20 December 2013
17 December 2013
This gallary shows the history of corn from Teosinte to the present modern hybrid corn. Lancaster Sure Crop lead to future crossings and as genetic crossing progressed jumped corn up to the present day tremendous yielding corn.
05 December 2013
26 November 2013
I have added a 1 hour session for fumigation so that one can obtain 2 cat credits in all three fumigation categories.
I have also added another session on simply reading and interpretiing your soil test report. It is beginning to shape up nicely.
22 November 2013
21 November 2013
01 November 2013
- ppm to lbs/ acre multiply by 2.
- K to K20 multiply by 1.2.
- P to P205 multiply by 2.3
- 750lbs of calcium carbonate equivalent to go pH of 6
- 840lbs to get to pH 6.5
- 1000lbs to get to pH 7
Penn State Crop Management Team is again holding a 4 day series of workshops with the goal of related all the production and management research and extension information to growers. Here is the flyer for the event. Pa Soybean Workshops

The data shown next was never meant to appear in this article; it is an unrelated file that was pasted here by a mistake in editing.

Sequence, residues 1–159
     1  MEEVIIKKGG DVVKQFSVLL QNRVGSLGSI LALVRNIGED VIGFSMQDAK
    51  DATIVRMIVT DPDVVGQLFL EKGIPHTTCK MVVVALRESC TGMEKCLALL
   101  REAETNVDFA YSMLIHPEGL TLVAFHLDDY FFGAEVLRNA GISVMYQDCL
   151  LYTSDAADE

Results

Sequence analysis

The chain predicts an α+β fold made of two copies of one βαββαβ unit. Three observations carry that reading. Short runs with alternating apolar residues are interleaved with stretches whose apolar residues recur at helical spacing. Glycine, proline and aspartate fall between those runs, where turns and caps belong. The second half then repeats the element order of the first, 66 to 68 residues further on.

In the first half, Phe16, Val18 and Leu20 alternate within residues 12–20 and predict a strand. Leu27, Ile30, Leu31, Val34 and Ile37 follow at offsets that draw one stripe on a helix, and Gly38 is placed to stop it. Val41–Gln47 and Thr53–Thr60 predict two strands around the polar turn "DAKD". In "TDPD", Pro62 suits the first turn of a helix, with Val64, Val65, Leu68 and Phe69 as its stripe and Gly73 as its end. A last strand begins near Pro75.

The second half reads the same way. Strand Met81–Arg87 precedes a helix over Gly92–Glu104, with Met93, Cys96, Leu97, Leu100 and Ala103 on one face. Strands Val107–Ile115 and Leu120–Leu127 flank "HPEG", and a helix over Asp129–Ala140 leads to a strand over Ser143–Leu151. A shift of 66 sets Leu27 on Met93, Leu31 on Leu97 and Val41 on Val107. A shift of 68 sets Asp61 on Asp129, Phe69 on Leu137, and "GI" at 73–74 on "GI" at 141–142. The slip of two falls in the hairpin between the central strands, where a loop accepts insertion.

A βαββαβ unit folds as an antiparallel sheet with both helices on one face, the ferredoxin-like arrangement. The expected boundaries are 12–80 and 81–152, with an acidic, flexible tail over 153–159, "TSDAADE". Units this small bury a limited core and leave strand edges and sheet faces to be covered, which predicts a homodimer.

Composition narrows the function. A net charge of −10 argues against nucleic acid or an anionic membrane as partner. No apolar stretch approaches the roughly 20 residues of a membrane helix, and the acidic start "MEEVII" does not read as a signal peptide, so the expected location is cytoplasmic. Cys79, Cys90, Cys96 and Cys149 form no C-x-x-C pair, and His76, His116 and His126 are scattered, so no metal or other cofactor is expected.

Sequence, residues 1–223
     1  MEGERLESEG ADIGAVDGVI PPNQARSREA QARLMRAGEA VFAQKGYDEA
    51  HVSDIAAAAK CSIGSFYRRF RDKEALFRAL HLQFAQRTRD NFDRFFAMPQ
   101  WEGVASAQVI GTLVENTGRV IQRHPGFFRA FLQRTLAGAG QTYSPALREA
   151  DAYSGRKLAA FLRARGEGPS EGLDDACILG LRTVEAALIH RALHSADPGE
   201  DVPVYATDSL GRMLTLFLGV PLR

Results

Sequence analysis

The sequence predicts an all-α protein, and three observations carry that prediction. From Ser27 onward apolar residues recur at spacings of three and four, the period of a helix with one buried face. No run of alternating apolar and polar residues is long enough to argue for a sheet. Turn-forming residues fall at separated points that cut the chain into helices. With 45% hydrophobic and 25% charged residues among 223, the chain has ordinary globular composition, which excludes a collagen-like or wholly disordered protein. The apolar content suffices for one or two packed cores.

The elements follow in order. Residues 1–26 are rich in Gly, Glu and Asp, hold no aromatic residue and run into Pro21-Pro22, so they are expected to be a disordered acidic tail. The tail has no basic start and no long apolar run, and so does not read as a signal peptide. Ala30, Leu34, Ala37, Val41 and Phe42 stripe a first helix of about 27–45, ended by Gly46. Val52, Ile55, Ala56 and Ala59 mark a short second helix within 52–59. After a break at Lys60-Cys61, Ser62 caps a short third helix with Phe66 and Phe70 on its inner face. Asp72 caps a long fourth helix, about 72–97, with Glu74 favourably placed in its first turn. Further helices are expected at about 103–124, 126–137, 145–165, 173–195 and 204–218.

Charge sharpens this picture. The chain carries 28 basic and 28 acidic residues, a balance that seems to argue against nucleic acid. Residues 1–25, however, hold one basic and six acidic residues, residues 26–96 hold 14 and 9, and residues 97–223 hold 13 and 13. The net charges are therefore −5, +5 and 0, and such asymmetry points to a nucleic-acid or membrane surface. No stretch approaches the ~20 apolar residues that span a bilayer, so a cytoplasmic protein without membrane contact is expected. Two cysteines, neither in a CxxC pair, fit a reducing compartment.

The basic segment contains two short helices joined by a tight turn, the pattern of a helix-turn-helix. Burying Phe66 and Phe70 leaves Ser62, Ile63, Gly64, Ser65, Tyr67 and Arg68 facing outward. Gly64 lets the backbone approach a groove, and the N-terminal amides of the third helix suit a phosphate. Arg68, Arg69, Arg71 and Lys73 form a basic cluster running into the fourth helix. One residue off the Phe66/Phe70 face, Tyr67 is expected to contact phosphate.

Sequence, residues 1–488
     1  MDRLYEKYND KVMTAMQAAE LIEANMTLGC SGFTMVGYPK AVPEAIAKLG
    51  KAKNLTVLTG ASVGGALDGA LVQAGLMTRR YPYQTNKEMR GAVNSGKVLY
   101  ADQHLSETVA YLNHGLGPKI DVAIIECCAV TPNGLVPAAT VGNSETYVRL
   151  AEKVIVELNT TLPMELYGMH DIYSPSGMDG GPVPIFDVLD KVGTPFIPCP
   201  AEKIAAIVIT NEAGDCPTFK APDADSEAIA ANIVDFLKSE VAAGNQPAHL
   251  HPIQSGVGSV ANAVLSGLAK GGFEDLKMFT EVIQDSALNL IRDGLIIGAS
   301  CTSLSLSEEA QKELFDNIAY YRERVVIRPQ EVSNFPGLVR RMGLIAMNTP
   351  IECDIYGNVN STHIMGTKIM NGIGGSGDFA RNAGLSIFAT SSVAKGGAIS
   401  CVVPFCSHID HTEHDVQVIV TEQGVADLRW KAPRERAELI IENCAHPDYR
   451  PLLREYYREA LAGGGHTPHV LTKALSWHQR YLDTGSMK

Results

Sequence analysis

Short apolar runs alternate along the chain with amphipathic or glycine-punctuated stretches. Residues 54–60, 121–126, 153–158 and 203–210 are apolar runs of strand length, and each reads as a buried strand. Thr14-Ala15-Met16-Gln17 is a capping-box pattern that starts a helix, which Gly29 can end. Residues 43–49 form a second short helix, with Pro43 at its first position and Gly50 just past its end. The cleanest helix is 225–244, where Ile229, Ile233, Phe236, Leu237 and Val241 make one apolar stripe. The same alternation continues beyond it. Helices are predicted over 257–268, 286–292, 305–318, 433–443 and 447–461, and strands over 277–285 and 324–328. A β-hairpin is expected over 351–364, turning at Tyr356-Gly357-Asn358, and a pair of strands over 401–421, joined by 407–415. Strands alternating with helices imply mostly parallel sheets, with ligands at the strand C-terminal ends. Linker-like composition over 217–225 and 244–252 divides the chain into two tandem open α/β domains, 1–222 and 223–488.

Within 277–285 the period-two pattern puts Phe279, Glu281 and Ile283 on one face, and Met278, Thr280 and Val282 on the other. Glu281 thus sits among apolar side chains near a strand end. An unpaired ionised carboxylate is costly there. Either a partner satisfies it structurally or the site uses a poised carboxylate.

We will be detailing alot of information in a short amount of time. The farmer panel is always a key portion of the program where local growers describe what varieties seem to work for them as well as their pest tactics and marketing and storage schemes. Please plan to attend!
30 October 2013
21 October 2013
18 October 2013
So far we have posted results from the short season test in south central PA and the full season tests in south central PA. These can be accessed at this site http://extension.psu.edu/plants/crops/grains/corn/hybrid-tests/2013-results/silage-hybrid-performance-data Yield and forage quality have been very good at all of these sites.